The IHSS Annual Symposium seeks to recognise and bring to Queen Mary each year a scholar who has recently contributed a ground-breaking piece of work in the humanities and social sciences. The inaugural IHSS Annual Symposium will be made by Professor Thomas Piketty on his 2020 release, Capital and Ideology, followed by a response from Heather Boushey and Martin Sandbu.
About Capital and Ideology
In this follow-up to Thomas Piketty’s bestselling Capital in the Twenty-First Century (2014), Capital and Ideology (2020) challenges us to revolutionize how we think about politics, ideology, and history. He exposes the ideas that have sustained inequality for the past millennium, reveals why the shallow politics of right and left are failing us today, and outlines the structure of a fairer economic system.
Thomas Piketty is Professor at EHESS and at the Paris School of Economics and Co-director, World Inequality Lab/World Inequality Database. His work addresses the interplay between economic development, the distribution of income and wealth, and political conflict. These works have led to emphasize the role of political, social and fiscal institutions in the historical evolution of income and wealth distribution.
Heather Boushey is President and CEO of the Washington Center for Equitable Growth and author of Unbound: How Inequality Constricts our Economy and What We Can Do about It (2019)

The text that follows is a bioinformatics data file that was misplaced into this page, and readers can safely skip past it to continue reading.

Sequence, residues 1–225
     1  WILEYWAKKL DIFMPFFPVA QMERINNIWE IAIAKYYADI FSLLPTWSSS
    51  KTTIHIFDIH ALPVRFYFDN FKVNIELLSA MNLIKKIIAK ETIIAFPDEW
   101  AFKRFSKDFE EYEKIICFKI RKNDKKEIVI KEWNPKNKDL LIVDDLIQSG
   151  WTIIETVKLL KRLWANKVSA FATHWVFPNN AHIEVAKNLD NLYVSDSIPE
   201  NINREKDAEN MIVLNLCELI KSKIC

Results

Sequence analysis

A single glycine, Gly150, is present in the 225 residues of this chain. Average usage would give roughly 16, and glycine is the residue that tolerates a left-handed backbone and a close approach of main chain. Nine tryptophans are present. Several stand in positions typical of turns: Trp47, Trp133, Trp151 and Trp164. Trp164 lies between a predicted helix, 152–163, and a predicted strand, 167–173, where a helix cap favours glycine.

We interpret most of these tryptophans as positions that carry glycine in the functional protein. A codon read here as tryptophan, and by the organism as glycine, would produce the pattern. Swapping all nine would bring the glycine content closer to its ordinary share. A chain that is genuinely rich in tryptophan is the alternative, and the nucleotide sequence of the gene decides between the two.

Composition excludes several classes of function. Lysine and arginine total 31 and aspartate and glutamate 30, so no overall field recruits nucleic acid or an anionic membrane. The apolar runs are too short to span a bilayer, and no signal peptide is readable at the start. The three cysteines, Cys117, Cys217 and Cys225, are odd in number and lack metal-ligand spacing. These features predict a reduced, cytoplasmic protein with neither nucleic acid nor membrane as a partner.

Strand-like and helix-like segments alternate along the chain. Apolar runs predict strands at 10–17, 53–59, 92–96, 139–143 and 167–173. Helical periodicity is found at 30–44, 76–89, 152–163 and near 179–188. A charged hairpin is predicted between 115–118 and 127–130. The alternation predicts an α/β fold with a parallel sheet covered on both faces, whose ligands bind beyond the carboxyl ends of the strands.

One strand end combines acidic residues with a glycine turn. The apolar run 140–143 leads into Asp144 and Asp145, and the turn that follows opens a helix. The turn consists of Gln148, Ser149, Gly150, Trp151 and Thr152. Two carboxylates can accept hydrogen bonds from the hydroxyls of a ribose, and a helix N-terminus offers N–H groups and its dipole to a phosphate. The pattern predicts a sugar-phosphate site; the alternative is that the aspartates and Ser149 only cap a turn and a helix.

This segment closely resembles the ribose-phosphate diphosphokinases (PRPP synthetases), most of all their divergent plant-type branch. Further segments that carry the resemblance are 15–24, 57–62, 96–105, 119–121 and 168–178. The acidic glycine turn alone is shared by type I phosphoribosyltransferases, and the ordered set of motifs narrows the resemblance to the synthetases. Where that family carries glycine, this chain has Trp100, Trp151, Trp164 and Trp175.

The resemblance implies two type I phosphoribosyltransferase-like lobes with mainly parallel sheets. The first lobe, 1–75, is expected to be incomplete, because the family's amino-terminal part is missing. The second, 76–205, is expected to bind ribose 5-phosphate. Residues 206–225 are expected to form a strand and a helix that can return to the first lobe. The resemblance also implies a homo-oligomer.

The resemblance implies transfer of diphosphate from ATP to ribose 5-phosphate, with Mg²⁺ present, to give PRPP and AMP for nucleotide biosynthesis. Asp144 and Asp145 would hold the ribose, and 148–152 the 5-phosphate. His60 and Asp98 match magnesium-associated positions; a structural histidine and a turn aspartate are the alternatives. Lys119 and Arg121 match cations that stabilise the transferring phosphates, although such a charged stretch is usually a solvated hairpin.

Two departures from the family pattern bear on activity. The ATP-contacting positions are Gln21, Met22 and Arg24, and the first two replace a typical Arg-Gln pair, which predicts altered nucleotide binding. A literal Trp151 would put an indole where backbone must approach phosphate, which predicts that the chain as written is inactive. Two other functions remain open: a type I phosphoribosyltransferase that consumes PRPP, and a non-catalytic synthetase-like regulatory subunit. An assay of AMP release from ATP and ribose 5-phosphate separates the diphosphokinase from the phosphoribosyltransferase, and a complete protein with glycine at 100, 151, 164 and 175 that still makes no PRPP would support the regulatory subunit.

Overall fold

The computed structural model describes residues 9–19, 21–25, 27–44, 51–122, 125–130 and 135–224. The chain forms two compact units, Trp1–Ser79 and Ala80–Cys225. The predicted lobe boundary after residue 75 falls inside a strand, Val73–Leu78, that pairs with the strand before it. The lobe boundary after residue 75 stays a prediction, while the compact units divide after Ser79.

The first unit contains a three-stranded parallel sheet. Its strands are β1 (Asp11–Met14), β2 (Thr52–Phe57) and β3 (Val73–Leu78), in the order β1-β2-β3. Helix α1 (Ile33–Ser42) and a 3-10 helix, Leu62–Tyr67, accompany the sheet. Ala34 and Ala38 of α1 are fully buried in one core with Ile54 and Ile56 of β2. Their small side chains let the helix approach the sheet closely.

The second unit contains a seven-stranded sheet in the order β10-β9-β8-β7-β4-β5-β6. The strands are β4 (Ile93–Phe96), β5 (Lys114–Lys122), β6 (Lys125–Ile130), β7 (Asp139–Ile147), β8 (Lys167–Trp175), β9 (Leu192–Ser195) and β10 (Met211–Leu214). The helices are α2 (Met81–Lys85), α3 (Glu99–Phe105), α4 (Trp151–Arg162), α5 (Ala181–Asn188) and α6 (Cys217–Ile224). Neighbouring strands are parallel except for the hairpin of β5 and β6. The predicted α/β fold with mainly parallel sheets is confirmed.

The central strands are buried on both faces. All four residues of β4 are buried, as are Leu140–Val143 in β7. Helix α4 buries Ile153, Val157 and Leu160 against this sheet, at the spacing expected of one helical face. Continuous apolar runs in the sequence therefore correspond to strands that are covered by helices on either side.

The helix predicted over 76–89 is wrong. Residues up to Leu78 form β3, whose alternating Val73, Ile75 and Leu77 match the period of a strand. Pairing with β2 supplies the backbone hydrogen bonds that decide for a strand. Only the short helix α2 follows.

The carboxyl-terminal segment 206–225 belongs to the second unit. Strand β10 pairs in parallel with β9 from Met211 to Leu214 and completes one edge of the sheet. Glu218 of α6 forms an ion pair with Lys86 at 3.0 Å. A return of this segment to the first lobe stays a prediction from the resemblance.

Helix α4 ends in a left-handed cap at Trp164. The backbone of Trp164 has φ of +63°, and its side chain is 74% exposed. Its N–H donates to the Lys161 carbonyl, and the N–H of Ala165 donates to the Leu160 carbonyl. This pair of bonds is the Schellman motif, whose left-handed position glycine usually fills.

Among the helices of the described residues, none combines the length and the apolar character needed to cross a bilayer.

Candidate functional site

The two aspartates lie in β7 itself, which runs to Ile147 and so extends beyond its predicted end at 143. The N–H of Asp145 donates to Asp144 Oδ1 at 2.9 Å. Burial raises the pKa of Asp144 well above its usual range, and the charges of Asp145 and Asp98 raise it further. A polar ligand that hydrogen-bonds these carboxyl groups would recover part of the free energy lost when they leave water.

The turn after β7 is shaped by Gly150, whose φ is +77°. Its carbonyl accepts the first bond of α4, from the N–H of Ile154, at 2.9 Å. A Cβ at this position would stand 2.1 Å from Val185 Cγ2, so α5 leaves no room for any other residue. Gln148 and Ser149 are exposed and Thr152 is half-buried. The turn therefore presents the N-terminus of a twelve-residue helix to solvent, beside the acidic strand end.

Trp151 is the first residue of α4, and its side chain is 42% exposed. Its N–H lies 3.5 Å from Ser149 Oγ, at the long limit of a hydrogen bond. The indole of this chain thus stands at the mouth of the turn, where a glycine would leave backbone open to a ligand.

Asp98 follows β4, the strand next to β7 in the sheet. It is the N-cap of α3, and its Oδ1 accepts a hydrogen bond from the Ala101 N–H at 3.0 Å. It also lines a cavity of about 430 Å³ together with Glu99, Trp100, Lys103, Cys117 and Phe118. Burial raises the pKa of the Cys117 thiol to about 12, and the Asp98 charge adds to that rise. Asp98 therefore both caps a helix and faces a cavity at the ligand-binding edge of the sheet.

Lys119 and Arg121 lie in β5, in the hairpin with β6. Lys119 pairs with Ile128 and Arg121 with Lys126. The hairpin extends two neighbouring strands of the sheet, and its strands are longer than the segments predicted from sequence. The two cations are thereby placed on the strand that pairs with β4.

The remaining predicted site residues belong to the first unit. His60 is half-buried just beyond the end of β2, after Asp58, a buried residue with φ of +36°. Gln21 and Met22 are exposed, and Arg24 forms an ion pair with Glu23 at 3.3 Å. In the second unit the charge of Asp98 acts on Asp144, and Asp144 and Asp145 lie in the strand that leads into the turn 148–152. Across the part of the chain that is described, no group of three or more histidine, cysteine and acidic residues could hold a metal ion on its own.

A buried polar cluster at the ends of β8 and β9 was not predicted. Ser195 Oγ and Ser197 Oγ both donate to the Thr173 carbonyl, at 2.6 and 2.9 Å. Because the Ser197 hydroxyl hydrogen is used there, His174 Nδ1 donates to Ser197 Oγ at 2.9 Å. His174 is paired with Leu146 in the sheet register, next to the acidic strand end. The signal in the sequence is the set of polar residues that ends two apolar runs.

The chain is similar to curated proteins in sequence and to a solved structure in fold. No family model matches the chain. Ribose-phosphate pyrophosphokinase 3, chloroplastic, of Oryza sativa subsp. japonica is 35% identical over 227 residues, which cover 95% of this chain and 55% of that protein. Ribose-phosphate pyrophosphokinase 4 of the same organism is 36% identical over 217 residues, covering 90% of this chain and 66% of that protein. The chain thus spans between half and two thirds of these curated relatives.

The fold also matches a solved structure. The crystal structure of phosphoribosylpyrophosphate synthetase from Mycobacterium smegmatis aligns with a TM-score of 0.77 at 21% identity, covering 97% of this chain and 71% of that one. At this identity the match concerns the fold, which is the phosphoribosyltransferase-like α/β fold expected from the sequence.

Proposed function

Martin Sandbu is European Economics Editor for the Financial Times and author of the forthcoming The Economics of Belonging (2020)
Dr Simon Reid-Henry, Director of the Institute for Humanities and Social Sciences
About the Book
Fueled by populism and the frustrations of the disenfranchised, the past few years have witnessed the widespread rejection of the economic and political order that Western countries built up after 1945. Political debates have turned into violent clashes between those who want to “take their country back” and those viewed as defending an elitist, broken, and unpatriotic social contract. There seems to be an increasing polarization of values. The Economics of Belonging argues that we should step back and take a fresh look at the root causes of our current challenges. In this original, engaging book, Martin Sandbu argues that economics remains at the heart of our widening inequality and it is only by focusing on the right policies that we can address it. He proposes a detailed, radical plan for creating a just economy where everyone can belong.
Sandbu demonstrates that the rising numbers of the left behind are not due to globalization gone too far. Rather, technological change and flawed but avoidable domestic policies have eroded the foundations of an economy in which everyone can participate—and would have done so even with a much less globalized economy. Sandbu contends that we have to double down on economic openness while pursuing dramatic reforms involving productivity, regional development, support for small- and medium-sized businesses, and increased worker representation. He discusses how a more active macroeconomic policy, education for all, universal basic income, and better taxation of capital could work together for society’s benefit.
Offering real answers, not invective, for facing our most serious political issues, The Economics of Belonging shows how a better economic system can work for all.
Martin Sandbu has been writing about economics for the Financial Times since 2009. Having started out as the newspaper’s economics leader writer, he is currently FT’s European economics commentator and writes its Free Lunch premium economics newsletter. Previously, he was a senior research fellow at the Zicklin Center for Business Ethics Research at the Wharton School of the University of Pennsylvania. His books include Just Business and Europe’s Orphan (Princeton). Twitter @MESandbu